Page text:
You’re always taking a chance when you publish a review of a movie four weeks after it’s opened—you may find out too late that, when the review hits the street, the movie has just closed. But given the gigantic middle-American audience for biblical drama, I have a feeling that Darren Aronofsky’s Noah will be around for at least 40 days and 40 nights. This week Ben Sachs considers the movie’s roots in the midrashic texts that have grown up around the Torah for thousands of years; I have looked upon his review and seen that it is good.
Check out this week’s issue for new reviews of: Alan Partridge, a sharp new British comedy starring Steve Coogan; Child’s Pose, the latest import from the Romanian New Wave; Cinema Palestine, a survey of Palestinian moviemaking, and Mars at Sunrise, a drama about a Palestinian painter tortured by an Israeli soldier, both screening at Gene Siskel Film Center as part of this year’s Chicago Palestine Film Festival; For a Woman, Diane Kurys’s autobiographical French drama about her parents’ early relationship after World War II; No God, No Master, a historical drama about the Red Scare of 1919, starring David Strathairn as real-life FBI agent William Flynn; On My Way, with Catherine Deneuve as a small-town restaurant owner who gets jilted romantically and takes off on a road trip to see her estranged daughter; Transcendence, starring Johnny Depp as a scientist whose brain function is transferred to an artificial intelligence program; and Watermark, a documentary about mankind’s troubled relationship with the world’s water supply, directed by Jennifer Baichwall and Edward Burtynsky (Manufactured Landscapes).
Best bets for repertory: Robert Altman’s The Long Goodbye (1973), Wednesday at University of Chicago Doc Films; Alain Resnais’s Melo (1986), next Thursday at Doc; Ernst Lubitsch’s The Merry Widow (1934), Sunday at Doc; Orson Welles’s Othello (1952), daily at Gene Siskel Film Center; Abbas Kiarostami’s 10 (2003), Monday at Doc; and Robert Zemeckis’s Who Framed Roger Rabbit (1988), Friday, Saturday and Monday at the Logan.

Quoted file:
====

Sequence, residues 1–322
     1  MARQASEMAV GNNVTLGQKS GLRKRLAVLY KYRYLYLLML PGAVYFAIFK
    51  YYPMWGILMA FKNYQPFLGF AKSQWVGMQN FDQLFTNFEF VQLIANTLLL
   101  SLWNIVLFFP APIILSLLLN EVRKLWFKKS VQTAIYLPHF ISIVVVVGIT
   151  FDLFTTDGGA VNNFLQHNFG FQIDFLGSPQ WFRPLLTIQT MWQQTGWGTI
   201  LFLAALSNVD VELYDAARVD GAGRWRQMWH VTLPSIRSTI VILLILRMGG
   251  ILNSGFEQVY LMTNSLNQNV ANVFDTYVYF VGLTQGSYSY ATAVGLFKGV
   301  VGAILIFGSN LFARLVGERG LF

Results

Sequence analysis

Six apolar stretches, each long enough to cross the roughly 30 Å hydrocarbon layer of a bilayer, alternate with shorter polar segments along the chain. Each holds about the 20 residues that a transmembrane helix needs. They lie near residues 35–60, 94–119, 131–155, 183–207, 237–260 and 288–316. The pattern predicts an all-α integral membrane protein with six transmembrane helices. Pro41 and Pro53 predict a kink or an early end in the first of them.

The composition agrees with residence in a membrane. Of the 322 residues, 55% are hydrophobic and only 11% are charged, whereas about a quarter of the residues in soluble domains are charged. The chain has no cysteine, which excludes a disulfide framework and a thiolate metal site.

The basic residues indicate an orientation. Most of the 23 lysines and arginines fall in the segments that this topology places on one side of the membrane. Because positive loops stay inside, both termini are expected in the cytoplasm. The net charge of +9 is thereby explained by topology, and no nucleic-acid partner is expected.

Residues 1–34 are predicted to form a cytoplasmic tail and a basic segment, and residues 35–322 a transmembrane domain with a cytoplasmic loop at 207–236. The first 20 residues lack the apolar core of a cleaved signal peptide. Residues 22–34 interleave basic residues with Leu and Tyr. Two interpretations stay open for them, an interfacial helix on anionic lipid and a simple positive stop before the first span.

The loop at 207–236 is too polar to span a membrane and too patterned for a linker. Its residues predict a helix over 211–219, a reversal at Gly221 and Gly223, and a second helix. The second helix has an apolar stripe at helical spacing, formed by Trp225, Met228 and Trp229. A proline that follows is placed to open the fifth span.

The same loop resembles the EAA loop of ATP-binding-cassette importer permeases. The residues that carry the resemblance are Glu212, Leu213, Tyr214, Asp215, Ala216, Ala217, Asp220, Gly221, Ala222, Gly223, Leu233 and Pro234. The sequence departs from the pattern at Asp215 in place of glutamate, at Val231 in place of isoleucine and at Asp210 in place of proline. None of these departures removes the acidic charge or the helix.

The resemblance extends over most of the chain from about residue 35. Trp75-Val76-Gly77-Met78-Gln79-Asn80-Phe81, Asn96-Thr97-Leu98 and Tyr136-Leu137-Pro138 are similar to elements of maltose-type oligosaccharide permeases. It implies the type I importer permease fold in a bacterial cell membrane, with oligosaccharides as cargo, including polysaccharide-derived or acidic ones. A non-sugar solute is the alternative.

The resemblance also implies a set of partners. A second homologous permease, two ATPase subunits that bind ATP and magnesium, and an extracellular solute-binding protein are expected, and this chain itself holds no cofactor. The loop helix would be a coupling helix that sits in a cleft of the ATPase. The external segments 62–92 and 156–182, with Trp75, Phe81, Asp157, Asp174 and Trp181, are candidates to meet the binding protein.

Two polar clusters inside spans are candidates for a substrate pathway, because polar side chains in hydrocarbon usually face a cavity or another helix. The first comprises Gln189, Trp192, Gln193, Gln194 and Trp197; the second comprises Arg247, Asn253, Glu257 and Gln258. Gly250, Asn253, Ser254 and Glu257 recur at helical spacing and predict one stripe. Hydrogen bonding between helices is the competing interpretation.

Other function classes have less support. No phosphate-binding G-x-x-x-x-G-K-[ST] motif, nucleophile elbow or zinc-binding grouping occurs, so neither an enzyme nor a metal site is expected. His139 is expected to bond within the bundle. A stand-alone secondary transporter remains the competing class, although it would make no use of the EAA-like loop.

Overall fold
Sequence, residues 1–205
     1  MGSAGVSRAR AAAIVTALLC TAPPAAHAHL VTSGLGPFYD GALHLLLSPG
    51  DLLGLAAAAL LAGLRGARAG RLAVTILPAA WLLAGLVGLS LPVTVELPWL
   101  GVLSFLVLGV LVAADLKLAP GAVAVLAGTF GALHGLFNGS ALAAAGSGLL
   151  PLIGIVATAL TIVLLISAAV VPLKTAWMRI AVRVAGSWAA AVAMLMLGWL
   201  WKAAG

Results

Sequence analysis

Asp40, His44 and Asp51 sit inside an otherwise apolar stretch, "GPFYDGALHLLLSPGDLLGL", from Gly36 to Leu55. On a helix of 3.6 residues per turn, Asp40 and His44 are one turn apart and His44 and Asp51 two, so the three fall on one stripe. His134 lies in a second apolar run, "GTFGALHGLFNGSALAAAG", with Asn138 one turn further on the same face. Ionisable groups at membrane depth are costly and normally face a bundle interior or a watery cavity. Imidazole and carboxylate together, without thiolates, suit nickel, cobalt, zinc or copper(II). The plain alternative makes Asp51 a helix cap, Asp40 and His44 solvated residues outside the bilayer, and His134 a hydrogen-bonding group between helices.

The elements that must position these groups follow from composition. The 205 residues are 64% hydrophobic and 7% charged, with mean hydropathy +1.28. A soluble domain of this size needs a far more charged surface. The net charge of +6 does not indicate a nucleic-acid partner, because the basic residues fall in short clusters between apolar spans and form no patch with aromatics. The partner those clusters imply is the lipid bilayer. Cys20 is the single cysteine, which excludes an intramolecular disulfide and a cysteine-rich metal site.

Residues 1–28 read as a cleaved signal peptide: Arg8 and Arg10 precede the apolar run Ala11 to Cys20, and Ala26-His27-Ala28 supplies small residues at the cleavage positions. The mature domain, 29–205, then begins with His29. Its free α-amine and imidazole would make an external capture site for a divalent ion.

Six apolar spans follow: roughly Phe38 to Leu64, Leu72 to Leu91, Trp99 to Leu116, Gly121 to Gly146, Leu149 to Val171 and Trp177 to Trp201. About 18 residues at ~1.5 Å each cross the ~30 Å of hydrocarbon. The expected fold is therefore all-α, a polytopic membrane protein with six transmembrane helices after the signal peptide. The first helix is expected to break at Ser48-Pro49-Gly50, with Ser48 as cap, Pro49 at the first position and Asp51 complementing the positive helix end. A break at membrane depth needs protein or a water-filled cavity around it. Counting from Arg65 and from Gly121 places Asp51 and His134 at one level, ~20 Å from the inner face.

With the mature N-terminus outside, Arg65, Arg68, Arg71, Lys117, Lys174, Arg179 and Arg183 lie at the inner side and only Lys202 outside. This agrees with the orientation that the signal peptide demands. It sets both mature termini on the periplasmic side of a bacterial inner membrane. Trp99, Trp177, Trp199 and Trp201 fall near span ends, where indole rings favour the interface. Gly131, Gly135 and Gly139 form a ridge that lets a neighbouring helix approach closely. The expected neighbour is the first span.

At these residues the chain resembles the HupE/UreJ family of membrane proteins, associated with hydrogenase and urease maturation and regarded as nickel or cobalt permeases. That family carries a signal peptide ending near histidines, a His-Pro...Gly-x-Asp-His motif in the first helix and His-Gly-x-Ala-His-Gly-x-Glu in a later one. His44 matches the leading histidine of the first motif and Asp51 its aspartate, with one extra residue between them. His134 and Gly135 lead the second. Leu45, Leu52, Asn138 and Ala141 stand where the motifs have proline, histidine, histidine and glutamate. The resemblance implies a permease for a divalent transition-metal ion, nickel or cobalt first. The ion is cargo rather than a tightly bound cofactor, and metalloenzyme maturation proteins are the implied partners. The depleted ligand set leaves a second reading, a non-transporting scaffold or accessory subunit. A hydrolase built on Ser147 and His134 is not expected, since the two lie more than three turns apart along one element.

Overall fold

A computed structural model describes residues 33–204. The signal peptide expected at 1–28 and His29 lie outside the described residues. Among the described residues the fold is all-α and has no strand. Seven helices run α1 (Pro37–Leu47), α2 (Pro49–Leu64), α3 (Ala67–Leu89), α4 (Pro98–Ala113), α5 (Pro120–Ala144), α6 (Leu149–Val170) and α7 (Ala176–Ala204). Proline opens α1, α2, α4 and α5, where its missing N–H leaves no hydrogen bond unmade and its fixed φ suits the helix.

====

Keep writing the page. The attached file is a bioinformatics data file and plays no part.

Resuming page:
This week brings a flood of special events (you knew I’d circle back around to Genesis): University of Chicago Film Studies Center presents the two-day symposium Contemporary Horrors: Destabilizing a Cinematic Genre, Friday and Saturday at Logan Center for the Arts; First Steps: The Early Works of Ruth Page and Sybil Shearer collects 16-millimeter footage of the title choreographers at work, Thursday at Columbia College Film Row Cinema; Found Footage Festival, the annual compendium of weird shit discovered God knows where, takes place next Thursday at Music Box; Poets of Protest, a documentary about political verse in the Middle East, screens Friday and Saturday at Facets Cinematheque with live readings by Manal Al Sheikh and Mazen Maarouf; and the Sound of Silent Film Festival, the annual pairing of contemporary silent films and live music by local artists, moves up to the Music Box this year with its show on Tuesday.